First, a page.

Deep Learning in general can be framed as optimization problem where the objective is a function of the model error. This optimization problem is very difficult to solve consider that the parameter space of the model (i.e. weights of the neural network) leads to a problem in extremely high dimension. An optimization algorithm could take a very long time to explore this space. Furthermore, there was an unverified belief that the problem was non-convex and computation would forever be stuck in local minima.


The theory of why machines actually converge to an attractor or in other words learn to recognize complex patterns is still unknown.

To sum up: we have some ideas, but we're not quite sure.


Do scientists know what is happening inside artificial neural networks?


Do scientists or research experts know from the kitchen what is happening inside complex "deep" neural network with at least millions of connections firing at an instant?

I guess "to know from the kitchen" means "to know in detail"?

Let me give you a series of analogies:

  1. Does an airplane engineer know from the kitchen what happens inside the airplane?
  2. Does a chip designer know in detail what happens in the chip (s)he designed?
  3. Does a civil engineer know everything about the house he constructed?

The devil is in the detail, but a crucial point here is that it's about artificial structures. They don't randomly appear. You need a lot of knowledge to get anything useful. For Neural Networks, I would say it took roughly 40 years from the publication of the key idea (Rosenblatt perceptron, 1957) to the first application (US Postal Service, 1989). And from there again 13 years of active reserach to really impressive systems (ImageNet 2012).

What we know super well is how the training works. Because it needs to be implemented. So on a very small structure, we know it in detail.

Think of computers. The chip designers know very well how their chip works. But they will likely only have a very rough idea how the Linux operating system works.

Another example is physics and chemistry: Physics describes the core forces of the universe. Does that mean they know everything about chemistry as well? Hell no! A "perfect" physicist can explain everything in chemistry ... but it would be pretty much useless. He would need a lot more information, not be able to skip the irrelevant parts. Simply because he "zoomed in" too much - considers details which are in practice neither interesting nor important. Please note that the knowledge of the physicist is not wrong. Maybe one could even deduce the knowledge from the chemist from it. But this "high-level" understanding of molecule interaction is missing.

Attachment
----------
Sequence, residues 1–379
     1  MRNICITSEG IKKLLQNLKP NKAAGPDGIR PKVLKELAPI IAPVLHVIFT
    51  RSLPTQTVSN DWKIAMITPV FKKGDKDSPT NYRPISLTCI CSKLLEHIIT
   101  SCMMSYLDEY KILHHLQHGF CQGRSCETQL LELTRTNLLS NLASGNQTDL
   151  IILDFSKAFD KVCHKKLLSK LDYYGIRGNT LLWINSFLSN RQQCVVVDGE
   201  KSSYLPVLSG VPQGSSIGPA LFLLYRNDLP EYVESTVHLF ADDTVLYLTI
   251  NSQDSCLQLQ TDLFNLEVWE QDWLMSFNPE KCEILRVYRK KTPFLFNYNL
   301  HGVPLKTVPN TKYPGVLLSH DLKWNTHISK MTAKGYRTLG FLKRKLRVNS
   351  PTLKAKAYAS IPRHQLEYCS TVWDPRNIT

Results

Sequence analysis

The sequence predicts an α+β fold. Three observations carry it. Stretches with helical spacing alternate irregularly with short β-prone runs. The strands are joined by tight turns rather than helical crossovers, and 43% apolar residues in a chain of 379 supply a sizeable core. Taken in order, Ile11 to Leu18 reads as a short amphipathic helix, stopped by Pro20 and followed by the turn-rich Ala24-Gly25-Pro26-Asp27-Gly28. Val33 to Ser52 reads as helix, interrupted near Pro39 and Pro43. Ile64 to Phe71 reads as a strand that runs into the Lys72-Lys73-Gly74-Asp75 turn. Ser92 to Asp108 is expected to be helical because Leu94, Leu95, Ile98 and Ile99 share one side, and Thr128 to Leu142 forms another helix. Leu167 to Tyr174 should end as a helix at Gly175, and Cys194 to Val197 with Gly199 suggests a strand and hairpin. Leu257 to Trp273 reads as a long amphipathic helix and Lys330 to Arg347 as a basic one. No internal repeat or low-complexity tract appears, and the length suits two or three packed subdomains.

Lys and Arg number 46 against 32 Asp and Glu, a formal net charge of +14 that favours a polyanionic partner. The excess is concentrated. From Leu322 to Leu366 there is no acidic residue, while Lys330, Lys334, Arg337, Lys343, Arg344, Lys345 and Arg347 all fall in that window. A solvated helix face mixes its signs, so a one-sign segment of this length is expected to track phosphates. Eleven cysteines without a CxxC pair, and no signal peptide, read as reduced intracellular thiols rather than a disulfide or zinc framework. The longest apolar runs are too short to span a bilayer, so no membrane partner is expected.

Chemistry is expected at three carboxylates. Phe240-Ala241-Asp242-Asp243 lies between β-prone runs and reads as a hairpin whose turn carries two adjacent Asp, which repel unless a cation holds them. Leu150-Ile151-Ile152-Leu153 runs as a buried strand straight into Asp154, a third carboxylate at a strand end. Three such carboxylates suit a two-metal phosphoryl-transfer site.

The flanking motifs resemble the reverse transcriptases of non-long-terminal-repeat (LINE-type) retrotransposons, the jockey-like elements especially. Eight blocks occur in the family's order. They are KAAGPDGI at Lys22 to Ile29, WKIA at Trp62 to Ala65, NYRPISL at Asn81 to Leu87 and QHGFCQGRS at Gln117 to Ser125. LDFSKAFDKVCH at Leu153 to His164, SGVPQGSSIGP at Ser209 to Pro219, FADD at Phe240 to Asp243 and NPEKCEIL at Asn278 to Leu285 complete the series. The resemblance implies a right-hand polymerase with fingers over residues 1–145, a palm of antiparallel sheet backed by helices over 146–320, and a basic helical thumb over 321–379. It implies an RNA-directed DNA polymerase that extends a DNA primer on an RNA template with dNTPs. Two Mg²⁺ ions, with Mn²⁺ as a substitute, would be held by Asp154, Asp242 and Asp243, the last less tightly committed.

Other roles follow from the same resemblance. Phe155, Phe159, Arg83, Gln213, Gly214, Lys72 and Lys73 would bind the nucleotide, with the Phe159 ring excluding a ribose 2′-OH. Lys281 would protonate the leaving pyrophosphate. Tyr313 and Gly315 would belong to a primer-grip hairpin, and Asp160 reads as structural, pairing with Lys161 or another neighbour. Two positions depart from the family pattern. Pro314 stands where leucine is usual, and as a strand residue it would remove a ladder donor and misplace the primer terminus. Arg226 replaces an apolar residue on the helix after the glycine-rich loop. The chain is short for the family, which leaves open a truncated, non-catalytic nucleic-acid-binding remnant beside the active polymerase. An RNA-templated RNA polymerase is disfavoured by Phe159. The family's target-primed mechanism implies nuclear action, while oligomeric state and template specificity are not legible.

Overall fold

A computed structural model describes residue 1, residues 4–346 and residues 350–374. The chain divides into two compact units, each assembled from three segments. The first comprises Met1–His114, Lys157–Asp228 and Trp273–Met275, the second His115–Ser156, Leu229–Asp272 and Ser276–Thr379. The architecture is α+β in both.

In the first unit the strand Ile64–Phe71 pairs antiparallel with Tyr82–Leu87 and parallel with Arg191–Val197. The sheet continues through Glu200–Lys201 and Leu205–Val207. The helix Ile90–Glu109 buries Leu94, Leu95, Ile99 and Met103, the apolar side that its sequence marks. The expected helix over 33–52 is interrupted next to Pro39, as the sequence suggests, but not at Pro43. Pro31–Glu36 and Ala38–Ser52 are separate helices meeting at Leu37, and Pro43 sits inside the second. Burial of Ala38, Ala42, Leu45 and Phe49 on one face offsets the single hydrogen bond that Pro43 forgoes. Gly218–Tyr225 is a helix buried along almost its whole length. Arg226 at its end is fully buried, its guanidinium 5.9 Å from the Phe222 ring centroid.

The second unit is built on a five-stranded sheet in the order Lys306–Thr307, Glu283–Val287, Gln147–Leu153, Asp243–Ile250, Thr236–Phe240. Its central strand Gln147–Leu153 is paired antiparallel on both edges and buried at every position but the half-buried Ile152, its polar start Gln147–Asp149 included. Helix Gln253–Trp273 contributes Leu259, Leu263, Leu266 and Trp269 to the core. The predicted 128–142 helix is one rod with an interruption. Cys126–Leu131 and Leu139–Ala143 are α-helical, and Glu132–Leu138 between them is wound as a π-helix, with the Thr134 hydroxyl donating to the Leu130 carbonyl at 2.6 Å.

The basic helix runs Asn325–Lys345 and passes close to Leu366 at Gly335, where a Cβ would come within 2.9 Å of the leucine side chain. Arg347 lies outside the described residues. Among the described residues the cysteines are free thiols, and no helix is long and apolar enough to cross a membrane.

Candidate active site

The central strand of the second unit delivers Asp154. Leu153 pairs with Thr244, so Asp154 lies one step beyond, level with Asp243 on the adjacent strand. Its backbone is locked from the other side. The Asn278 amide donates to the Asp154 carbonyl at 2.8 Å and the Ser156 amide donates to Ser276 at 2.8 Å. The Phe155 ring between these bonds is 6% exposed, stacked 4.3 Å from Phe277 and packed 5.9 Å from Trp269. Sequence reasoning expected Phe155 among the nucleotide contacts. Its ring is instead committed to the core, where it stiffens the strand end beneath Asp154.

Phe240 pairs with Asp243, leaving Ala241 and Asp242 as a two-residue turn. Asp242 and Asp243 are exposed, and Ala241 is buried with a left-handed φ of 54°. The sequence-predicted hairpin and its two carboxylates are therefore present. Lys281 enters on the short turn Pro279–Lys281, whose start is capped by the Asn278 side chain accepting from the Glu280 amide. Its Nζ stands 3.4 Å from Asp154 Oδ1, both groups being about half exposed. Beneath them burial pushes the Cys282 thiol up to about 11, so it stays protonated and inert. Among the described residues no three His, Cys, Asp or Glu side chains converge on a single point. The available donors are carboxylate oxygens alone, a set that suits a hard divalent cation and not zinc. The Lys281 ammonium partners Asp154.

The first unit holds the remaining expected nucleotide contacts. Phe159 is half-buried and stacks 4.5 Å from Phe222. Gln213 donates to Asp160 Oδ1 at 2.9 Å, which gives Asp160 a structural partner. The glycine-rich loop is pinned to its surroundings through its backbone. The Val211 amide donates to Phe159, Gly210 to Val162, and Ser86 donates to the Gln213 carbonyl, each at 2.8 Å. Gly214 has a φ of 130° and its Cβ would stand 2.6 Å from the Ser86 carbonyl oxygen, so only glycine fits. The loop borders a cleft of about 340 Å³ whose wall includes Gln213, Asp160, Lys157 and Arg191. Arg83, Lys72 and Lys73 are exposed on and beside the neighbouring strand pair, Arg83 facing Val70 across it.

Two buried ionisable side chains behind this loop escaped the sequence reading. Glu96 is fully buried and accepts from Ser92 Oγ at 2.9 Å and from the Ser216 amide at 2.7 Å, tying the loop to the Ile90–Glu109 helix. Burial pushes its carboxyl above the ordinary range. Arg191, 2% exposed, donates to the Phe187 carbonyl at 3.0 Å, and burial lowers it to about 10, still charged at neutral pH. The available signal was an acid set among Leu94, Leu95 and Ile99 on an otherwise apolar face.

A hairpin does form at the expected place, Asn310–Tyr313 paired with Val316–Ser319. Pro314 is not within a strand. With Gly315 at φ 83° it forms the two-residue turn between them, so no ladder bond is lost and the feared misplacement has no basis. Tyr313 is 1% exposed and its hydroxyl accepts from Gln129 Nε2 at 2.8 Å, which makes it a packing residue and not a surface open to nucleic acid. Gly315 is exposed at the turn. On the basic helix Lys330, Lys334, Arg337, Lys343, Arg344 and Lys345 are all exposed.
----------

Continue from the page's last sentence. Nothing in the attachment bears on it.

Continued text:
The key insight from those two examples are abstraction layers: You can build complexity from simple structures.

What else?

We know well what is in principle achievable with the neural networks we design:

  • A neural network designed to play Go - no matter how sophisticated - will never even be able to play chess. You can, of course, add another abstraction layer around it and combine things. But this approach needs humans.
  • A neural network designed for distinguishing dogs from cats which has only seen pudels and Persian cats will likely perform really bad when it has to decide for Yorkshire Terriers.

Oh, and of course we have analytical approaches for neural networks. I wrote my masters thesis about Analysis and Optimization of Convolutional Neural Network Architectures. In this context LIME (Local Interpretable Model-Agnostic Explanations) is nice:

enter image description here

  • 2
    $\begingroup$ Most of them are influenced by biological models..So saying Scientists built NN's as a function of a problem is kind of hard to believe... Especially when no one has any idea why a particular architecture or a particular set of hyperparameters work well for a given problem...I am not talking about the exact hyperparameters but none seem to have a general sense of what approximate hyperparameters might work for a given problem (problem is well defined)..So no scientists don't know what's happening inside a NN. $\endgroup$
    – user9947
    Commented Sep 25, 2018 at 17:32
  • $\begingroup$ Think of early day automobile / aircraft engineers. Would you say they don't know what's happening inside their aircraft / automobile, because they didn't built them, because their shape was not aerodynamic? $\endgroup$ Commented Sep 25, 2018 at 18:07
  • 1
    $\begingroup$ Ofc...Not knowing something due to lack of technology...Is something different than not knowing theoretically..I believe it was technology in airplanes case..While here we are not able to process mathematically..So forget technology $\endgroup$
    – user9947
    Commented Sep 25, 2018 at 18:26

You must log in to answer this question.

Not the answer you're looking for? Browse other questions tagged .